Anyone could have predicted the parts I think are good. I’ve had impromptu visitors for the first time in years, I’ve been able to get together with family members several times since I moved in, and I even welcomed my first overnight guests. I can go see family whenever I want or need to, and none of them in Hamilton are more than 15 minutes away.

At the same time, whenever I need to go to a store—the supermarket, the home centre, whatever—it’s only a few minutes away, not 25 minutes like at the old place. That’s handy, but it also saves me a lot of time, especially when I’m in the middle of a project, and there are a lot of projects in a new house.

So, there are a lot of really good things about this move, things I really wanted to happen. I’m really glad about them.

And yet…

Hanging over all of this is the reason I moved here. While Nigel and I talked about moving to Hamilton “someday”, I doubt we’d be here together right now. I’m only in Hamilton because he’s not, and that reality rushes through me every day and sucks all the air from my life. The clouds block out the sun and make it hard to see the pretty day all around me.

In most respects, I’m pretty much just going through the motions, acting like I’m living rather than actually living. There’s nothing that anyone else can do about that—it’s something that I have to find my own way through, and I need time to do that.

After my first weekend in the new house, I hit a really bad patch, and I realised that there were two reasons for that. First, after all those months and all that work, I was finally able to to breathe. And second, that for the first time, I truly had time to properly grieve. And, did I ever—several crying fits later, and I reached another sort of stasis.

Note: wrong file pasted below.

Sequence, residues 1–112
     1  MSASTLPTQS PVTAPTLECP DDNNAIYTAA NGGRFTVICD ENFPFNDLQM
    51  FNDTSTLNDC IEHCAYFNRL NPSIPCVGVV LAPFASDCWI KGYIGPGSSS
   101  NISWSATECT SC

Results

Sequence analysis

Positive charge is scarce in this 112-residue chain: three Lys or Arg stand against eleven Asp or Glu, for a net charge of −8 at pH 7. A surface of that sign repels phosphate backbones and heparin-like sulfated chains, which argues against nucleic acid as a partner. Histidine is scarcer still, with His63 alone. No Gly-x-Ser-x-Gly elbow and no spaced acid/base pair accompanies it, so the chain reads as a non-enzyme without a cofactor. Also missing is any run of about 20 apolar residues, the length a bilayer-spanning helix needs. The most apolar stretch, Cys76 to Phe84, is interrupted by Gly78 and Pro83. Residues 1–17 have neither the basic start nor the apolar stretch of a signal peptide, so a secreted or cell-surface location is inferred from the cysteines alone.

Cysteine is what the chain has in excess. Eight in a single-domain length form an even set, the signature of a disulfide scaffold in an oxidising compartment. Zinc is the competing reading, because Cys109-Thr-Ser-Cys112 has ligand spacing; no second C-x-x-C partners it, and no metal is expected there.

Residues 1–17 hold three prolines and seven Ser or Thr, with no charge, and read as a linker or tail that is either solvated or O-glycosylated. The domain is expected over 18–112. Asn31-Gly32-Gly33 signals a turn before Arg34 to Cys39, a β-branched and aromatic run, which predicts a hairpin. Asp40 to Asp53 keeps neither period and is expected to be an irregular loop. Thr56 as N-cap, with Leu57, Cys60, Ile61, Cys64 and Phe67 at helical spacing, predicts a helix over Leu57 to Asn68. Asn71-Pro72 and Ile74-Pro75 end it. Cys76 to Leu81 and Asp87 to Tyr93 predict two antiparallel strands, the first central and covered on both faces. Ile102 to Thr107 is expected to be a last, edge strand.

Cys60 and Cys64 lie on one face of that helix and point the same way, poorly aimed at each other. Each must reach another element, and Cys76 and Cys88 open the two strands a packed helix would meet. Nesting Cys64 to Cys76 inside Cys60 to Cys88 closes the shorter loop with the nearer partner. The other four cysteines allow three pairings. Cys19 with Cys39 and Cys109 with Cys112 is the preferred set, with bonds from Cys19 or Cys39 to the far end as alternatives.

That everyday ordinariness is based on profound grief. That’s my reality, and it’s virtually all there is of me right now. In a real sense, I’m not Arthur, I’m his temporary robot replacement. The evidence of that is everywhere.

Over the past few months, I’ve shared a few photos of me, and whenever I’m “smiling”, it’s empty. “Fake” is too strong a word, but those smiles are barely more than painted on. My eyes show that. It’s something I realised only recently when I was looking at some current photos of me posted on Facebook.

This hollowness is one of those times when I’m faced with something I don’t like, but it’s also something I can’t do much about, and something I’m worried about. Will this end? How soon? Will it drive people away?

And yet…

The reason I’m aware of all this at all is because moving to Hamilton gave me the space—literally and figuratively—to figure it out. Understanding what’s happening to me is an important step toward whatever my new reality will be. All of which means that even the bad aspects are still made better by my move to Hamilton.

Here I am in Hamilton. I’m under new skies, but there are still clouds overhead, sometimes blocking out the sun. But I still believe that better days lie ahead, because moving to Hamilton has been exactly what I expected, and it’s the start of a start.

The photo above is of the sky above my house early this evening.